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Mountain lion kittens sit cautiously behind their mother in Grand Teton National Park, Wyoming.
Certainly one of the most exciting moments of the year was when I found myself sharing a trail with cougars. This was not just the first time I had ever seen wild cougars, it was the first time I had ever seen wild cats at all. The excitement I felt in the moment was overwhelming, and equally was the disappointment when they began to run away. Taking ample time to fully immerse myself in the scene, and not just grab a few shots, it became a defining moment that I will not soon forget.
A coyote quietly sneaks through snow and sagebrush in Yellowstone National Park, Wyoming.
Yellowstone always provides a great getaway during the winter. Plenty of wildlife scours the blanket of snow for traces of food during the harsh winters, much of it unconcerned if a road crosses its path. – Continue reading
Moonlight illuminates Glen Canyon and the Colorado River near Page, Arizona.
In Part 1, I discussed the ideal settings for shooting a dark night sky under a new moon, as well as what all those settings mean. If you’re not comfortable working in Manual Mode (M) on your camera, you should go back and read it to make sure you’re up to speed. This section will assume that you’ve got the basic understanding of M Mode and how it works.
This time around, I’ll be discussing how to alter those settings to account for a full moon, how to capture star trails, and also how to photograph the northern or southern lights, aka the Aurora Borealis or Australis, respectively.
Understanding The Histogram
Before moving further, it’s important to understand the histogram as displayed within the camera. Put simply, the histogram shows you the light that was captured in a given scene. – Continue reading
Pilgrim Mountain in Grand Teton National Park, Wyoming rests under glowing sunset clouds.
I found myself rather unproductive in early 2011 in terms of stills. With the recent purchase of a 7D and getting it up to working order, as well as discovering time-lapse photography, my still photography became a bit stagnant. As a result, most of my work was in the form of a time-lapse and before finding a good balance of time-lapse, video and still, I even wondered if I would move entirely into video. Eventually the balance did work itself out and once I had my 7D back and functioning properly the following spring, it was full-steam ahead in every direction!
I discovered this image during that time after forgetting about it. I was looking back through a day in January where I hadn’t shot very much at all, but saw potential in a nice sunset above Pilgrim Mountain. – Continue reading
Sunrise lights up the bottom of Mesa Arch in Canyonlands National Park, Utah.
I’ve spent the last few days here in Moab, Utah, which I like to describe as a Jackson Hole in the desert. It’s a beautiful place with all kinds of outdoor activities, set in dramatically natural, sandstone carvings all over the landscape.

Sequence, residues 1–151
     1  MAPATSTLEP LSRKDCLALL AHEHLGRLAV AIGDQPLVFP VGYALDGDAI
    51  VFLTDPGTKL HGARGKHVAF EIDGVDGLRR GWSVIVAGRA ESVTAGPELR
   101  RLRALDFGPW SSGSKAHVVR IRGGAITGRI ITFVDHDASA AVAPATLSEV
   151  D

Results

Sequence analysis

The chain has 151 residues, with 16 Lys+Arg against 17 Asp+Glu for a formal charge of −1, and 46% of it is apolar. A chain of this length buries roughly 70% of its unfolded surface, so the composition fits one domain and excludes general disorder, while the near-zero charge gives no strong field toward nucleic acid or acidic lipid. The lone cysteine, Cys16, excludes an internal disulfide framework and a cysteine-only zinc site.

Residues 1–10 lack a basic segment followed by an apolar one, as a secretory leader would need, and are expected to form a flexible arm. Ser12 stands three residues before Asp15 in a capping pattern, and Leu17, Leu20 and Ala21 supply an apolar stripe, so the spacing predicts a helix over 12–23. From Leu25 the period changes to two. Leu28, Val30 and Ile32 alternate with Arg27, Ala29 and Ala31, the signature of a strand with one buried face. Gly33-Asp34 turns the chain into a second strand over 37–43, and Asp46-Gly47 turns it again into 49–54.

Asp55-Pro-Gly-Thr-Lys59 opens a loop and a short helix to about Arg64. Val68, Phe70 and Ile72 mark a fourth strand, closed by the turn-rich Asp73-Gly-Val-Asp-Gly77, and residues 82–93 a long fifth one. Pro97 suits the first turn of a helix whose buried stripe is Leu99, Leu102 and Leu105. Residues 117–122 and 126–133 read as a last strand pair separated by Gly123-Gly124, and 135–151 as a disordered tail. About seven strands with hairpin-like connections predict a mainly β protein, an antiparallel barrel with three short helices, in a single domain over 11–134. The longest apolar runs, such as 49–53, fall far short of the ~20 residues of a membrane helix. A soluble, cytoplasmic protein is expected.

One of the more iconic spots is sunrise on Mesa Arch in Canyonlands National Park’s, Island in the Sky District. The high altitude of the landscape looking above the valley below is just high enough for the first light of day to illuminate the bottom of the arch, creating a unique glow hard to find in any other location.
Before Moab, I was in Hovenweep National Monument and also in Chaco Culture National Historic Park enjoying much more productivity on the trip. Given the time, I’m going to begin heading down to Phoenix from here to visit some friends and some sites I took for granted while living there. – Continue reading
The ruins at Pueblo Bonito in Chaco Culture National Historic Park, New Mexico lie beneath a sun-lit canyon wall.
Sometimes, if you don’t go into a road trip with the right mindset, it can be just as stressful as staying home and working. Friends and I poke fun at people all the time for taking hurried vacations where we witness them arguing with each other and frantically trying to reach point B as quickly as they can, passing by amazing sights and experiences along the way.
Yet when I left on my trip last week, I was anxious to get to the southwest, so I blew right through western Colorado. Once I made it to southwestern Colorado, I began trying to dodge a snow storm a few days out and found myself jumping from one site to another in a hurried pace to make it farther south to warmer temperatures. – Continue reading
Showy Daisy wildflowers flourish among other wildflowers in the Alaska Basin of the Teton Mountains.
Earlier this week myself and another hiker headed out into the Alaska Basin for the first time. While still in the Teton Mountains, it’s technically just outside of the National Park located inside the Jedediah Smith Wilderness bordering the western edge of the park. August has been described as the best time to go for the dramatic wildflowers displays.
We hiked into the Alaska Basin via the Static Peak Divide through Grand Teton National Park on August 18th and while the wildflowers were on the decline, they were still out in amazing displays! It was almost as if Jackson Pollock was painting from the sky in purples, reds, blues and yellows on a canvas of green. It’s an incredibly dynamic place with an obvious abundance of wildflowers surrounded by enormous peaks, all pouring water into the basin. – Continue reading